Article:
Michael Shermer is not inclined to think there IS such a place.  He is a professional skeptic, even teaches a course called "Skepticism 101." 

And he takes up the human need to believe in an afterlife, and the quest for longer life--if not immortality--in a new book, Heavens on Earth.   

Could we live 200 years or more?  Could our bodies be frozen until science can fix what ails us?  Could our consciousness live in a robot body? 

Christian Ferrer, CC BY-SA 4.0, https://commons.wikimedia.org/w/index.php?curid=49733344

Think about some of the most divisive issues in our country, and what's at the heart of them. 

Abortion?  Procreation caused by sex.  Gay rights?  All about who you have sex with. 

You get the picture: sex and attitudes towards it figure prominently in our national debates. 

R. Marie Griffith tracks the debates back a century in Moral Combat: How Sex Divided American Christians and Fractured American Politics

atheistsunited.org

You can get all kinds of college degrees studying religion. 

But until a few years ago, there was no secular studies program by that name anywhere in the United States. 

Pitzer College in Southern California started the first such program, with Phil Zuckerman as its head. 

The program "neither applauds nor condemns" secularism, but the program's presence cheers secular segments of society.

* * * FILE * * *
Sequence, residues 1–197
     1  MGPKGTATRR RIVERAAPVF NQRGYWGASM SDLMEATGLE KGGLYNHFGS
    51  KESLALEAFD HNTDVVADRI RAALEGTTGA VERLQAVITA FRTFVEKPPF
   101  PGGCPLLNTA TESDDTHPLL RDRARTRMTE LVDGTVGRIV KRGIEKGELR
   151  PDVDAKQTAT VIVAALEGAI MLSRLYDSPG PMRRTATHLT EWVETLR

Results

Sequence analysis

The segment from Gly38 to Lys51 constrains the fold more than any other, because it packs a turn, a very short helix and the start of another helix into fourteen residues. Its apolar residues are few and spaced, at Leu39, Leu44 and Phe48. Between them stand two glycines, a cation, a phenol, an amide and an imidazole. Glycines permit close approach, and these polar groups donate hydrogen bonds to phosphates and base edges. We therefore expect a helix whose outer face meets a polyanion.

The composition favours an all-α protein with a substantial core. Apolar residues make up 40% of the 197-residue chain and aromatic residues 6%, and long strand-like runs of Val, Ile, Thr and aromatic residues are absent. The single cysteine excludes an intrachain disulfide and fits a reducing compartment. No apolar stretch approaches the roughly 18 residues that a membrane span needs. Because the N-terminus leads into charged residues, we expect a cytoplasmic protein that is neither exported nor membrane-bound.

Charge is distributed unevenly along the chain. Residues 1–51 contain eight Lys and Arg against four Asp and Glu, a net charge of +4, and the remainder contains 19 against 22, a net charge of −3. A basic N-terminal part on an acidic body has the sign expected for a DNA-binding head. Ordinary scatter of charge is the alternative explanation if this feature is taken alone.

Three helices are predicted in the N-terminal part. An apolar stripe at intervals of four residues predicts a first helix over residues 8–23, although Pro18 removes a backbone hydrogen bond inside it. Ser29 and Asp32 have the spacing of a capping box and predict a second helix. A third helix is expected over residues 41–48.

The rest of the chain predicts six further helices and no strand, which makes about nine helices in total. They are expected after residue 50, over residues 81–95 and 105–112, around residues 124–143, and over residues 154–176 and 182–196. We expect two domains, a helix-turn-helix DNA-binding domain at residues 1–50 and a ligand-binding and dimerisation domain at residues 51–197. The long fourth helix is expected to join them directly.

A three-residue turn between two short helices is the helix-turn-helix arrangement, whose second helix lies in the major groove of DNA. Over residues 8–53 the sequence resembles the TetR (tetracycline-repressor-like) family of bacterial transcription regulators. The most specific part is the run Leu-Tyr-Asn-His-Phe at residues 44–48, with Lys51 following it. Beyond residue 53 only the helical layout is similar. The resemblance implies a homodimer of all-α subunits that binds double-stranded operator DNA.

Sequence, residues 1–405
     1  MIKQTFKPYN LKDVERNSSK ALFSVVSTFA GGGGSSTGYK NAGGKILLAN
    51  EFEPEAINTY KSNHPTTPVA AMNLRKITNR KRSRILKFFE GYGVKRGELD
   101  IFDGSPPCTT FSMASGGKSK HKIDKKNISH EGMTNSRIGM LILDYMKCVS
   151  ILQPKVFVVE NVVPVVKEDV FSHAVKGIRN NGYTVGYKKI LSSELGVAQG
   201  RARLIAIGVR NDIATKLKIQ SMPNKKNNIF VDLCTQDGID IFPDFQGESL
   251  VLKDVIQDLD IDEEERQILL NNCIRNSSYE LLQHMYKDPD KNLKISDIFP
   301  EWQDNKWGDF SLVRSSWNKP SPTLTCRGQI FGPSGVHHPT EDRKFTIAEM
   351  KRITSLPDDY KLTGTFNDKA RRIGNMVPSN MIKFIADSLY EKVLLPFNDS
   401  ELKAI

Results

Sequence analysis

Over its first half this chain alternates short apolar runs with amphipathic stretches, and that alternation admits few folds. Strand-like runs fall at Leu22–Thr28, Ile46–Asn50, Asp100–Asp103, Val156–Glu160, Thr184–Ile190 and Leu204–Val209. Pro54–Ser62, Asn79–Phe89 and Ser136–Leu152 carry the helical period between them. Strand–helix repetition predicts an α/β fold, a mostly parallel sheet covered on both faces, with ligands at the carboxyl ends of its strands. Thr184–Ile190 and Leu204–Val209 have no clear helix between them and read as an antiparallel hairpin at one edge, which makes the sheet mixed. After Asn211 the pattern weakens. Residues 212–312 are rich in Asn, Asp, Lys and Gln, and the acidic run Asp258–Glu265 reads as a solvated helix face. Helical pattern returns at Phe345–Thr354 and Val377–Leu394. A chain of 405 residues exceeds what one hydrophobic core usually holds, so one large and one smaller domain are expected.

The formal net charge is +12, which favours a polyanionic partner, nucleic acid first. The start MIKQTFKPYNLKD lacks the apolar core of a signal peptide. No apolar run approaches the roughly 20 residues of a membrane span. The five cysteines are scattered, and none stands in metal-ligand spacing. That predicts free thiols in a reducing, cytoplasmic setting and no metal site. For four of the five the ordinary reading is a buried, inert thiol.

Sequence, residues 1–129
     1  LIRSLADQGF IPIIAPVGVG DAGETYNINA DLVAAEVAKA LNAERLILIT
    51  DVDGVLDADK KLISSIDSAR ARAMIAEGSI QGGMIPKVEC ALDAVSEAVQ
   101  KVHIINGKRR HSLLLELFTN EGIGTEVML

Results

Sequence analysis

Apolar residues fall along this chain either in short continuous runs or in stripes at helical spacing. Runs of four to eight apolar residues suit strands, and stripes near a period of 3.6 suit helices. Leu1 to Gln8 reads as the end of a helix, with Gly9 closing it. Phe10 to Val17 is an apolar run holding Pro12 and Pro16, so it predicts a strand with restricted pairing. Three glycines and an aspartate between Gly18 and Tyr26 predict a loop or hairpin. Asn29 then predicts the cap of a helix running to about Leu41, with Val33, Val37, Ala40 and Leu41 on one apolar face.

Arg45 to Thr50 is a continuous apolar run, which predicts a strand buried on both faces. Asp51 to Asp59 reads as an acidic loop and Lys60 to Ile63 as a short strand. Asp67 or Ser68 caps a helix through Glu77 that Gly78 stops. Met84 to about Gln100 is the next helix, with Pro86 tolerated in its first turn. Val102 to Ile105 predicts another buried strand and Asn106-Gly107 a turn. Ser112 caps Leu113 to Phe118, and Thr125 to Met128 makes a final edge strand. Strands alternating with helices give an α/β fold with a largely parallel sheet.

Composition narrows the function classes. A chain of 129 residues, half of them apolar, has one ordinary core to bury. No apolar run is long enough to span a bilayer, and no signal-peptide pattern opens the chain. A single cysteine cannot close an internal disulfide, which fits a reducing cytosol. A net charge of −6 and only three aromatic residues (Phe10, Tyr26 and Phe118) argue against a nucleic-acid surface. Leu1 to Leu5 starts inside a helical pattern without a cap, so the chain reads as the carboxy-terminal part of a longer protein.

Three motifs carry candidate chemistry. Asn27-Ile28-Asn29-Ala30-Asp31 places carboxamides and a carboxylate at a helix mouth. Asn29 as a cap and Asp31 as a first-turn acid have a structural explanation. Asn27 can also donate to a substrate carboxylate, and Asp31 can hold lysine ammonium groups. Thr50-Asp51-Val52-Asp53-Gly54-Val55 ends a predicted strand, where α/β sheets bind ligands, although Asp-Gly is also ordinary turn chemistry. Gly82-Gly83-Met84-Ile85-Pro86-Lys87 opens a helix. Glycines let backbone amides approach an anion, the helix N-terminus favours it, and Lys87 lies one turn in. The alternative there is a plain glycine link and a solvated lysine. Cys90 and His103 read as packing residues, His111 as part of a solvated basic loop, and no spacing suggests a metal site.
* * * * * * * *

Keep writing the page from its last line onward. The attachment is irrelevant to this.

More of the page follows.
Christian Ferrer, CC BY-SA 4.0, https://commons.wikimedia.org/w/index.php?curid=49733344

So you take Christmas off, but do you go to church? 

Most people who take the day off do not, but the practice persists: a Christian holiday without Christian ceremony. 

There are other examples of ways in which civil society and Christianity are intertwined, and Paul Kivel writes of them in his book Living in the Shadow of the Cross: Understanding and Resisting the Power and Privilege of Christian Hegemony

Local Minister Weighs Church-State Balance

Jan 16, 2017
Don Ryan/AP

We speak of a "wall of separation of church and state" a lot in our country. 

But that actual phrase does not appear in our founding documents.  So there's a constant tug-of-war over just how much faith should be represented in the process of governing the country. 

The Reverend Tony Hutchinson of Trinity Episcopal Church in Ashland is both man of faith AND former man of government, as a diplomat.  He gives an OLLI lecture on faith in the public forum--for good and for ill--Wednesday January 18th in Talent.